I just read a wonderful passage in Rolf Gate's book "Meditations from the Mat" about aparigraha, which encompasses the idea of non-possessiveness, non-greediness, and non-hoardiness (that's a made up word fo sho!). Part of that hoarding or holding onto is not being able to let go of past grievances or animosities, you know, the emotional baggage we pick up and subsequently carry around us for our whole lives.
In this passage, he was told that "[he] would not be free in a spiritual sense until [he] did the work of forgiveness,", which included going back to the people he held resentment against and formally forgave them.
Now, I don't know about you, but MY first response was "Ummmmmmmmm…no…", followed by "Why?", followed by "No way am I walking up to person x and telling them I forgive them. They might not even know I'm mad, they might not even know I have any grievances; they might not even REMEMBER me…why the hell would I bring that up anyways? Why would they remember? The hurtee might remember things more than the hurter did anyways, …Why would I throw salt in a wound and potentially re-open the pain of the past? To them or to me. Why would I want to relive that kind of pain and torture again?" (as a side note, his very next entry talked about how most of us had that exact reaction!)
I don't hold onto resentments, but I've got a photogenic memory for pain. I remember moments where I've probably done the hurting, and I sure as shit remember the moments where I was hurt. But that made me the person I am today.
The voice in my head still asks though, "well, how much extra emotional baggage are you carrying around because of it?"
Well, yeah, but what will forgiveness get me? What if I do find someone that I feel I need to forgive and tell that person, only to have them laugh at me? Or not realize I held onto that pain? Or that they don't care? Or they don't accept my forgiveness because they aren't in the place I am?
I have the slight (huge) tendency to replay scenes in my head and then pick it apart, inserting the 'shoulda, coulda, woulda' game, and ultimately feeling worse than I did before I sought them out for forgiveness. So now, in addition to having the hurt memory, I now have the ensuing fucked up conversation that took place days, months, maybe even years later to add to my baggage.
Then there's the little (big) thing with me called the inferiority/superiority complex. Now, I do NOT walk around acting like I'm superior to anyone. Not even my dog. Not even dust bunnies. I try my damndest to treat everyone the same, and while we all judge, I try hard not to. I can say without question I fail at treating everyone as sweet as pie and without judgment when I feel that I'm being taken advantage of, or not treated nicely by someone. There are days I fail only once at this, there are days I fail hourly, if not by the minute.
While I get pissed if I'm made to feel inferior to someone, I'm scared to feel vulnerable to certain people. So for me, while I will say I'm sorry if I've done something wrong, or if I pull attitude when I react to something, I find it harder to find someone and offer forgiveness for things in my past, especially if the past hurt tends to resurface itself. I've had anxiety over wanting to say sorry to someone, but not being able to get out of my own way for fear of my vulnerability and inferiority being turned and used against me down the road.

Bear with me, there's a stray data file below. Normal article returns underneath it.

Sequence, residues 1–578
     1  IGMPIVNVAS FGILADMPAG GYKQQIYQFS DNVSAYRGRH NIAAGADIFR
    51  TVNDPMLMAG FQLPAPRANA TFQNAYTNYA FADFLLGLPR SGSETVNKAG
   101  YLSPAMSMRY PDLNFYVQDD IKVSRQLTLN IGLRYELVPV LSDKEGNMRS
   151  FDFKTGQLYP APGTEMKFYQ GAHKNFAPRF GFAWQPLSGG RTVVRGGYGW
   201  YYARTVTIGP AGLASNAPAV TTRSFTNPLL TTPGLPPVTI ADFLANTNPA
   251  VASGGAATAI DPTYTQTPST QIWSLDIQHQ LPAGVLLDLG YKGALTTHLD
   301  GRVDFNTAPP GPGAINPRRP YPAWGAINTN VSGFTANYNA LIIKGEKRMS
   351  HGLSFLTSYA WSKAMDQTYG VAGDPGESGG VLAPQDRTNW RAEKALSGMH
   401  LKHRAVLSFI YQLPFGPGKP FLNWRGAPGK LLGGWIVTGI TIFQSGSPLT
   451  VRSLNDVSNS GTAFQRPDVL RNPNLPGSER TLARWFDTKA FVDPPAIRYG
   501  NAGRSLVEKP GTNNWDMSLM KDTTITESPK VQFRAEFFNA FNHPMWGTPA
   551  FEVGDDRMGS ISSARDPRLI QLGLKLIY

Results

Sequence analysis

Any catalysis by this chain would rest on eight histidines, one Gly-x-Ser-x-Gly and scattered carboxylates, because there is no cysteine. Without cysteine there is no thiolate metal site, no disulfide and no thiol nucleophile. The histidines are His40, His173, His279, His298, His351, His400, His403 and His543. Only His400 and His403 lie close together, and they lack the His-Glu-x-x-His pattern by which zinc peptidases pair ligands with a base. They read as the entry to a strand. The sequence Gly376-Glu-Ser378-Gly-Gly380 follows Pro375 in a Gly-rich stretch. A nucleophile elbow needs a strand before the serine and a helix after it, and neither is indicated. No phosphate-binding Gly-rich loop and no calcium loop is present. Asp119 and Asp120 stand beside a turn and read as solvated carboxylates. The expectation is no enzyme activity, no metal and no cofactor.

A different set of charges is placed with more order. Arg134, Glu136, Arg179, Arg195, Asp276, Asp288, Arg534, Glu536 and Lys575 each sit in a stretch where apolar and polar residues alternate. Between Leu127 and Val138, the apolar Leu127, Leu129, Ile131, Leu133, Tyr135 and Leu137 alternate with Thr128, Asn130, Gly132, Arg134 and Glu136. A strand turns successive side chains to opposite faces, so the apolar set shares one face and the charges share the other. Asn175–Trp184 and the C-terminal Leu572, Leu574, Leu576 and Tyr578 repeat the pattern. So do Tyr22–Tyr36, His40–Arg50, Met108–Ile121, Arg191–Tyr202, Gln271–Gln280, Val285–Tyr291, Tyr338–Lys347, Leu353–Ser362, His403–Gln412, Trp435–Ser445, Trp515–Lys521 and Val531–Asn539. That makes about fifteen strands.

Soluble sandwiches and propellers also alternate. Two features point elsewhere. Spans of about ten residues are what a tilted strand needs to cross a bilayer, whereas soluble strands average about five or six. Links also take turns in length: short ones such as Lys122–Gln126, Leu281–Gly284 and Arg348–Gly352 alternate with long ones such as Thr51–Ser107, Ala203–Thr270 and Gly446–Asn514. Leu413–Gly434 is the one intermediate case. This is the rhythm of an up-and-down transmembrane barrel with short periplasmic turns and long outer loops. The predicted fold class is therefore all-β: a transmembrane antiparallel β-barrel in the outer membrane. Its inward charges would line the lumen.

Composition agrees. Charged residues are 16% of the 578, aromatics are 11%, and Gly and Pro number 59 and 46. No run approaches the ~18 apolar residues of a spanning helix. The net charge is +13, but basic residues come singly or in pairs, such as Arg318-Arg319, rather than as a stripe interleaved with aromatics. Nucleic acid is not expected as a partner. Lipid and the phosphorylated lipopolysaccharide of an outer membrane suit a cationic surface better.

To boot, I'm also a sensitive person (nah, ME…really?), so a really big well-thought-out apology to someone might hurt me even more if I'm expecting this grandiose response and all I get is, "ok, ummm, well, thank you…?"
But I DO agree in the sense that to move forward in my spiritual journey, I need to let go of past grievances. I also need to let go of expectation of how I think people should act versus how they do act… but that's a blog for a different day. (yay, more to write about!)
In thinking of where to go from here, I realized that maybe it's not just past grievances or animosities with other people I need to forgive. Maybe it's forgiveness with myself.
So, what to do? As someone that is trying to come from a newly adopted attitude of standing in my own truth, it's hard hanging onto the baggage, and even harder not picking up more baggage as I'm challenged throughout my life.
Originally, I had started a list of things I was apologizing for and people I was apologizing to … until that made me feel like less of a human (read: pussy). I felt like I was apologizing for who I was then and who I am now, which is exactly the type of behavior I'm trying to get away from. I can't apologize for my past for exactly that reason … it is my past. And I will always still feel that hurt; it comes along with the memory.
Knowing all of this, I can say I've forgiven 99% of everything that's happened in my past… I'd be lying if I said it's 100%. One day I'll get there.
I have learned some wonderful lessons through the pain, and these lessons have helped shape the way I am today. They also serve as part of my intuition when I feel the familiar pangs of dishonestly, mistrust, or feeling taken advantage of start to come back to the surface. It helps me to stand strong and stand in my truth, now.
So, am I quick to forgive? You betcha. But am I quick to forget? No, not yet. But after writing and re-writing this, I feel more at peace with my past in a way I didn't before. Almost like I can now sit with my past and be ok with it as more of an observer, rather than sitting in judgment. Almost.
And for the times I jump to the side of judgment rather than observation, I can stop, take a deep breath in, get present, recognize the feelings that are coming up, separate the past from the present, forgive, breathe out, and smile.
Every breath is a gift; it's how you choose to receive it that counts.
Love, Happiness, & Coffee